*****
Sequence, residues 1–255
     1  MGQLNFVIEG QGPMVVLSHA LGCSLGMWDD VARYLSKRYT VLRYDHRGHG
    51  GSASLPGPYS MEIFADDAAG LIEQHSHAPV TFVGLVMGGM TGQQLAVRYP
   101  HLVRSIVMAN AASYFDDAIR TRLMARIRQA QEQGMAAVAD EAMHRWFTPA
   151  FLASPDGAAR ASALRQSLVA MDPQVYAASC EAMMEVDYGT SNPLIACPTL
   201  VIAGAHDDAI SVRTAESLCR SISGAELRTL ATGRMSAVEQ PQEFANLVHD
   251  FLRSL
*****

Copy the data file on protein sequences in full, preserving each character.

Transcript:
Sequence, residues 1–255
     1  MGQLNFVIEG QGPMVVLSHA LGCSLGMWDD VARYLSKRYT VLRYDHRGHG
    51  GSASLPGPYS MEIFADDAAG LIEQHSHAPV TFVGLVMGGM TGQQLAVRYP
   101  HLVRSIVMAN AASYFDDAIR TRLMARIRQA QEQGMAAVAD EAMHRWFTPA
   151  FLASPDGAAR ASALRQSLVA MDPQVYAASC EAMMEVDYGT SNPLIACPTL
   201  VIAGAHDDAI SVRTAESLCR SISGAELRTL ATGRMSAVEQ PQEFANLVHD
   251  FLRSL